DMINLGP

DMin, Leadership and Global Perspectives: Crafting Ministry in an Interconnected World

It’s a Cult!

Written by: on October 10, 2013

It’s a cult, it’s a cult!  These were the words that described the Communidade da Graca in Brazil that Miller and Yamamori write of in Global Pentecostalism: The New Face of Christian Social Engagement.  For years, since the church’s founding, an expressed message of health and wealth had been its constant.  Along with this theology came cries and claims that it really wasn’t a church at all but a cult – not only from mainline churches throughout Latin America but also from established Pentecostal churches in Brazil such as the Assembly of God.

But transformation has taken place.  The Communidade da Graca has become mainstream and other churches have sought to not only silence their criticisms but to join forces and emulate their expression of faith, as have other growing churches in Latin American and Africa.  Three global alterations have caused the dynamics to change.  According to Miller and Yamamori, one is the demographic shift of global Christianity, to the center South and developing countries from the West.  Another is that most of worldwide Christian growth has come by way of Pentecostal churches.  Lastly, these churches are maturing to include social change in their gospel.  A new vision is replacing “health and wealth” and from only “looking toward the afterlife” to an interest in giving value to those who live in the “Kingdom on Earth.”

The “driving engine” as the book claims, began in my hometown of Topeka, KS but most remember the revival of Azuza Street Church in California that launched the Pentecostal movement.  This crusade desired to focus only on the future with little thought for today and has been the cornerstone of Pentecostal theology.  As a beacon for the poor and marginalized, hope was offered to all who sought it – not only with a message revolving around Heaven but through uplifting music filled with spiritual embodiment.

Patrick, one of the lead mentors of LGP4 and from Kenya agrees, sharing that “in the past we only preached the gospel, now we are experiencing a paradigm shift to include helping the poor, adding deed to word and deed.”

Although many will say that Pentecostalism has had a social element since its inception, there is an agreement now that a “nascent but becoming development in social ministry, largely non-political, but giving value to all” belief is growing, with many embracing a holistic acceptance of faith.  The teachings which bring life in the here and now, are that all people are made in “the image of God, have dignity and are equal in God’s sight.” (Kindle location 69)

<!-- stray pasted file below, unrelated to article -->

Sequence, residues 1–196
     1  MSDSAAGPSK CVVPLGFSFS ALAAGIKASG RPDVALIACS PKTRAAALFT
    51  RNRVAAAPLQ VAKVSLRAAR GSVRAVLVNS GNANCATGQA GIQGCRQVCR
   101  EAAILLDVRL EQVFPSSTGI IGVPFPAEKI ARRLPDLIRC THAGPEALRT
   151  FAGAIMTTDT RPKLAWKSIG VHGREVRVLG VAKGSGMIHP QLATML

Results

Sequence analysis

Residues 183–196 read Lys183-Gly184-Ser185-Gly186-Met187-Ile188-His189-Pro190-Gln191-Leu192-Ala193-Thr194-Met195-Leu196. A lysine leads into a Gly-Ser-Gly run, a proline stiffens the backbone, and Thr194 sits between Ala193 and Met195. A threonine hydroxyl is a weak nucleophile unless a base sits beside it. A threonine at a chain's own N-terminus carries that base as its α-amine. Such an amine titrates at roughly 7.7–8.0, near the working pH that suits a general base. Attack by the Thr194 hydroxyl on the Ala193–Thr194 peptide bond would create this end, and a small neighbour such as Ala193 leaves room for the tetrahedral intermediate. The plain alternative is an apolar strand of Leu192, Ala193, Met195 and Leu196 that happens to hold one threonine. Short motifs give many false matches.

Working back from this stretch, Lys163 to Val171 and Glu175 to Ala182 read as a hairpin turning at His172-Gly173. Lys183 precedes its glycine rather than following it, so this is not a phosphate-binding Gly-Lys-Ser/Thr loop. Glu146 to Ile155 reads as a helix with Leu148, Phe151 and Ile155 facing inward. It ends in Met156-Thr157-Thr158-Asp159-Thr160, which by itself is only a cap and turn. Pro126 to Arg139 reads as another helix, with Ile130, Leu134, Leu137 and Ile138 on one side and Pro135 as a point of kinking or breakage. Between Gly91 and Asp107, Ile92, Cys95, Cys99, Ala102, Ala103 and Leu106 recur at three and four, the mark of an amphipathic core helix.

Thought generally as non-political, the new middle class that is gravitating to a more stable Pentecostal expression is interested in making changes through politics or without.  The effort to live holy lives, stay free from alcohol, practical leadership skills in the church and small group communities helps build a stable middleclass, longing for upward mobility – as did the  protestant work ethic for the mainline denominations in Europe and the US years ago.

The authors cite three ways Pentecostalism has the ability to provide change.  1) Religion has the potential to blunt the pain of poverty, because of a better hereafter. 2)  Upward mobility is possibility through the followings of the pastor’s teachings.  3)  Becoming a part of a supportive community contributes to their social welfare (Kindle location 399)

However, some reoccurring problems I’ve seen in the third-world Pentecostal church are that the general poverty level continues to be prevalent in most, with the exception of the pastors.  A very large inequality between pastors and parishioners seems present, especially in the larger churches.  It has been explained to me as the need to show what success looks like or to be an example of how God can bless us.  The “health and wealth” gospel is still pervasive, at times to the exploitation of the poor themselves as they give all they can to the church for perceived blessings.

Whatever problems lie ahead for the progressive Pentecostal Church, understanding the importance of its place in current Christianity is essential.  As Miller and Yamamori say “in terms of analytical frameworks, the most useful theoretical perspective is to identify Pentecostalism as a renewal movement.  Without renewal movements, religion simply routinizes and dies as it becomes increasingly formalized.” (Kindle location 2589)

My prayer is that as this progressive movement matures, stabilizes and includes more and more people of means, that it doesn’t lose its passion that initially ignited its worship and hope – and that it can incorporate those essentials to a social relevance.

About the Author

Phil Smart

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